With the fall healthcare IT conference season now complete, we documented our impressions and insights from these events in the articles that follow below. It was clear from the CHIME Fall CIO Forum that the role of the healthcare CIO is evolving from tech champion to the person that holds the organization together. During the MEDITECH Fall Physician & CIO Forum, topics discussed included exploration of new revenue streams to succeed in a value-based healthcare model, MACRA in 2018, interoperability, surveillance, and patient engagement. At the PCMH Congress, the NCQA shared the redesign of their PCMH recognition process, which reduces criteria from 167 factors in 2014 to 100 this year.
We are in the midst of a busy fall conference season for healthcare IT. Conferences provide the opportunity for our team to re-connect with clients, provide updates on our latest solution offerings, and gain an appreciation for market intelligence, as we attempt to anticipate the needs of our clients in a shifting health IT space. We documented our impressions and insights and invite you to review in the blogs that follow below. Key themes in each of the conferences were continued consolidation through M&A in both the vendor and provider space – driving data migration & archival needs, optimization of EMR/EHR to derive untapped productivity and efficiency increase – as well as to improve clinical quality, and deeper collaboration between providers, payers & employers as the consumer/member/patient bears an ever-increasing share of costs.
It’s been an eventful month, not only for healthcare IT, but also given the recent hurricanes Harvey & Irma that inflicted devastation in Texas, Florida and many other communities. Millions in the southeast United States remain without power and countless are in need. Despite the massive obstacles faced, it is inspiring to see the resolve in communities banding together to help those in need and begin the recovery. Every single action and contribution helps and there are many outlets that are accepting resources. Please join us in supporting their efforts.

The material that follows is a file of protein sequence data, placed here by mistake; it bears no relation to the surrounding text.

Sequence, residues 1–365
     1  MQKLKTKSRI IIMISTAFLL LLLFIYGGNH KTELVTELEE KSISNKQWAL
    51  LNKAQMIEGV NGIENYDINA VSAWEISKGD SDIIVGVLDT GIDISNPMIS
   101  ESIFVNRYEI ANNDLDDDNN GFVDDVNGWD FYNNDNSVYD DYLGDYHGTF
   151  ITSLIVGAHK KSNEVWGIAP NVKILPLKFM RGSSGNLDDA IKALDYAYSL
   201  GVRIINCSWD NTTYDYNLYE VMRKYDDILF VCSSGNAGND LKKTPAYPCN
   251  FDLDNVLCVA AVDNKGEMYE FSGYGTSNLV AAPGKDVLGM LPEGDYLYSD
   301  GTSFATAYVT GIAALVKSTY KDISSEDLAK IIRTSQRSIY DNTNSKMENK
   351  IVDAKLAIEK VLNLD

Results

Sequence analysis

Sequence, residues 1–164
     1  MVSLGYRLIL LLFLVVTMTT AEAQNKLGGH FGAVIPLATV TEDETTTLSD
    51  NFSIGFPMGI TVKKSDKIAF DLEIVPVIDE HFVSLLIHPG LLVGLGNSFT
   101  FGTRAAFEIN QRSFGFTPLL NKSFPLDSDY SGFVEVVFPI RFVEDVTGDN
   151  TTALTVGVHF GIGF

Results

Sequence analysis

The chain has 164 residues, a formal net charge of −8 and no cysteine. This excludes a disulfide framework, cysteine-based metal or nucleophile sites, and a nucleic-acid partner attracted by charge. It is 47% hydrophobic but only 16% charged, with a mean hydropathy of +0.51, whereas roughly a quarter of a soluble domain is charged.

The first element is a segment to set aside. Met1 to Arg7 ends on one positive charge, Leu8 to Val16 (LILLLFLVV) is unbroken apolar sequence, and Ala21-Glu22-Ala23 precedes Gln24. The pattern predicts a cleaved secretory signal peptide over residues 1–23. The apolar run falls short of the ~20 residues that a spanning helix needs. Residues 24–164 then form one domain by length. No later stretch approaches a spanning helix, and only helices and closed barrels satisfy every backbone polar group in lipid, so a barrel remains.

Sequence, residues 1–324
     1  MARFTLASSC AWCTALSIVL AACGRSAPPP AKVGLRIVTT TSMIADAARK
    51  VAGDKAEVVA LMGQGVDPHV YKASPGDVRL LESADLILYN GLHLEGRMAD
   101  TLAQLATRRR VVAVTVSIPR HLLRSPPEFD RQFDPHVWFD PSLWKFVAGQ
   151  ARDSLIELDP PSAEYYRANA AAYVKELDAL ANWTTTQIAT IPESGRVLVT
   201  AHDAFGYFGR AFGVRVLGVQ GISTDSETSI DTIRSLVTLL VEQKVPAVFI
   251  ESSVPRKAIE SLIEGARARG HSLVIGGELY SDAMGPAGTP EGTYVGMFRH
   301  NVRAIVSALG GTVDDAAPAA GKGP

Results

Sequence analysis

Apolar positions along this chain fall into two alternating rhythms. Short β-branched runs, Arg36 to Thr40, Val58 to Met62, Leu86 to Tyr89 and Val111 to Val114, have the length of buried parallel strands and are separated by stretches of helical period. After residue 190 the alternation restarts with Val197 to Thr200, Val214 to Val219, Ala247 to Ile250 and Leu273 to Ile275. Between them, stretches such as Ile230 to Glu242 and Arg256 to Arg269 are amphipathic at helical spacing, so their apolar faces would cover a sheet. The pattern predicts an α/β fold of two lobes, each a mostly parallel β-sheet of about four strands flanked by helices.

This week, our executive team will convene in Chicago, as we formulate strategy for the year ahead, and synthesize services and solutions to meet our clients evolving needs. While in Chicago, we are taking the opportunity to celebrate our clients through a client appreciation event, held on Wednesday, 8/9 from 5-8PM CDT at Siena Tavern. Fueling our leadership team’s discussion this week, it’s been long anticipated that there would be consolidation in a crowded and somewhat fragmented EMR/EHR application market, but also from the healthcare delivery organization perspective as well. To achieve scale and sustainability in the transition from fee-for-service to value-based-care, M&A is inevitable.
With the weather heating up and improved use of EMRs top of mind for Healthcare Delivery Organizations (HDOs), we’ve intensified our resource development to assist groups in deriving more value from their EMR investment. We’ve surveyed industry thought leaders and gathered they’re invaluable perspectives, as they’ve successfully navigated optimization to transform their EMR from required repository to strategic asset. It’s clear that above and beyond ROI, improved usability and clinician engagement are the keys to success when it comes to EMR optimization.
Faced with downward cost pressures, a full slate of initiatives including optimization, PHM, and FFS to VBC transition, more and more HDOs are pursuing outsourcing application support as part of a managed services strategy or as an interim solution for EMR or EHR transition. According to the 2017 HIMSS Annual Workforce Survey, “60% of healthcare provider respondents indicated their organization outsourced at least some of their IT staffing needs to a vendor or consultant rather than hiring staff directly.”